Sarnia-Lambton’s ACCESS Open Minds Centre remains on the drawing board but likely won’t be operational until July of 2021.
The youth mental health and addictions facility will be established at the formerÂ CIBC building on Front Street. It was supposed to be in service by now but was delayed due to COVID-19.
ROA Studios of Chatham has been hired to work on conceptual drawings for the space which will be reviewed by aÂ youth advisory council.
Bluewater Health Mental Health and Addictions Vice President Paula Reaume-Zimmer said the youth want the facility to have a relaxed feel.
She said they’re aiming to serve about 3,000 individuals aged 12-25 that would typically be reaching out for help.
“Definitely when they walk in they want to see something very youth-centric, something that feels and looks exciting and comfortable,” said Reaume-Zimmer. “They want a safe space to engage in their mental health care that’s open and looks very non-clinical.”
“The youth recognize that having a space like ACCESS Open Minds will open doors to individuals reaching out for help, and we know that the sooner youth reach out for help the better impact we can have on helping to provide the support and treatment thatÂ will help them return to their normal lifestyle asÂ much as possible.”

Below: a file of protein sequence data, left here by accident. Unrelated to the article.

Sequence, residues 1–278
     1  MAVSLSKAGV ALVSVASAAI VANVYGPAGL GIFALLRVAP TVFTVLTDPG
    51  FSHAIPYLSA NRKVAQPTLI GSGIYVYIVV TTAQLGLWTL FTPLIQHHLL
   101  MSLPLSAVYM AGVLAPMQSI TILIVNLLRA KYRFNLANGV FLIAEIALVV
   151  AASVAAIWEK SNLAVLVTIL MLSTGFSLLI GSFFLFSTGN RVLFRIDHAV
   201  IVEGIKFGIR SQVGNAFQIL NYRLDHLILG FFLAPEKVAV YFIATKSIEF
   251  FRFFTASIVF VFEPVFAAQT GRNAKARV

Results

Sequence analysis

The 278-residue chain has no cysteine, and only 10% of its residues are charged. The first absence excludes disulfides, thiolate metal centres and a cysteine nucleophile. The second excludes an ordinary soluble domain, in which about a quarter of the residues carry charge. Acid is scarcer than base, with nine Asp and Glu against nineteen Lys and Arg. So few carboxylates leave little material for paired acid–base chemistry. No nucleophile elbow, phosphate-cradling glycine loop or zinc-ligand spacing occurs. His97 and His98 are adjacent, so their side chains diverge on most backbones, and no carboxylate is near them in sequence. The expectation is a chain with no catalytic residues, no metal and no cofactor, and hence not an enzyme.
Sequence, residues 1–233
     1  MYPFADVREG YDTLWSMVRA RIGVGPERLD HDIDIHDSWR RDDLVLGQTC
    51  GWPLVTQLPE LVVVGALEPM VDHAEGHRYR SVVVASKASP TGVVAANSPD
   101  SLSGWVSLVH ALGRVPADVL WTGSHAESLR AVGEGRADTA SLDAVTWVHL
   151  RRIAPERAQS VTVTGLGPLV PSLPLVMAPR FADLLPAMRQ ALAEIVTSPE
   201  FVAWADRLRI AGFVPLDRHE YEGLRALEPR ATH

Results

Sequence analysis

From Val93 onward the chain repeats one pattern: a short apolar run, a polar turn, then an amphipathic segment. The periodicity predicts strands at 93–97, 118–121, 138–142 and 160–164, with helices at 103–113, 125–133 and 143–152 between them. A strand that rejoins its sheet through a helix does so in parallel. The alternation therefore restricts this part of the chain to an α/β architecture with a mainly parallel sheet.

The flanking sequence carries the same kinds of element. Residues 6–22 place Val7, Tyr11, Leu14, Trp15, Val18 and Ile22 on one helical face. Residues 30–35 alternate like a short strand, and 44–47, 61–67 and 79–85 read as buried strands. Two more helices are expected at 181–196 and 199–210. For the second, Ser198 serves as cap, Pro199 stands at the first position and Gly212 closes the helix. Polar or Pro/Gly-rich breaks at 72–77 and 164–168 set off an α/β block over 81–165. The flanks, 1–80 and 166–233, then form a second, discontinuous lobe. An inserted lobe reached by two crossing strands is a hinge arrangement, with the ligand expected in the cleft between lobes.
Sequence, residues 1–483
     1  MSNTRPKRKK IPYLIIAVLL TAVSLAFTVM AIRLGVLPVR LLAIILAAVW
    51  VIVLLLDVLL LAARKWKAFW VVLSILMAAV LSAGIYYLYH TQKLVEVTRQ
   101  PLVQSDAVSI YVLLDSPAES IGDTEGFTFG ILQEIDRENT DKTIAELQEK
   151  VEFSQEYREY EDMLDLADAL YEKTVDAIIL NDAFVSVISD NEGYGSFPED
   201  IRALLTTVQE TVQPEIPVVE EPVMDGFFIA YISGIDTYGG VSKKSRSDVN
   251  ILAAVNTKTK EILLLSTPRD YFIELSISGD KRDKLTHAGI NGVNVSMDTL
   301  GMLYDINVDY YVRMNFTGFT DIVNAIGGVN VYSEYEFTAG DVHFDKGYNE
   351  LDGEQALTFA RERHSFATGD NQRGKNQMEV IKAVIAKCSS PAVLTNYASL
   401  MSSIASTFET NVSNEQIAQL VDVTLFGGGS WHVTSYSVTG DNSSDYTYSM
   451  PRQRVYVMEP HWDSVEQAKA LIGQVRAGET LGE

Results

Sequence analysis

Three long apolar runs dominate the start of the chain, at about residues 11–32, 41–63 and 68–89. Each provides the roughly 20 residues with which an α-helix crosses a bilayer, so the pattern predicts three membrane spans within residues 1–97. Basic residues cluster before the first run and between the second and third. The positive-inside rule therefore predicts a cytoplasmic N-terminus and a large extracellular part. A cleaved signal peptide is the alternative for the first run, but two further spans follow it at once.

The Mike WeirÂ Foundation is spearheading the initiative, and has helped raise over half of the $2.5-million fundraising goal by matching community donations.
“Dow came back to the Sarnia-Lambton area after it merged with DuPont and the St. Clair River facility in Corunna changed ownership to Dow,” said Rudy Bhola, Dow St. Clair River site leader.Â “Dow has been a part of the community here for 78 years and although our manufacturing footprint is much smaller now, we are still focused on how we can help build a more resilient community.”
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Sarnia, Coronavirus, Lambton County
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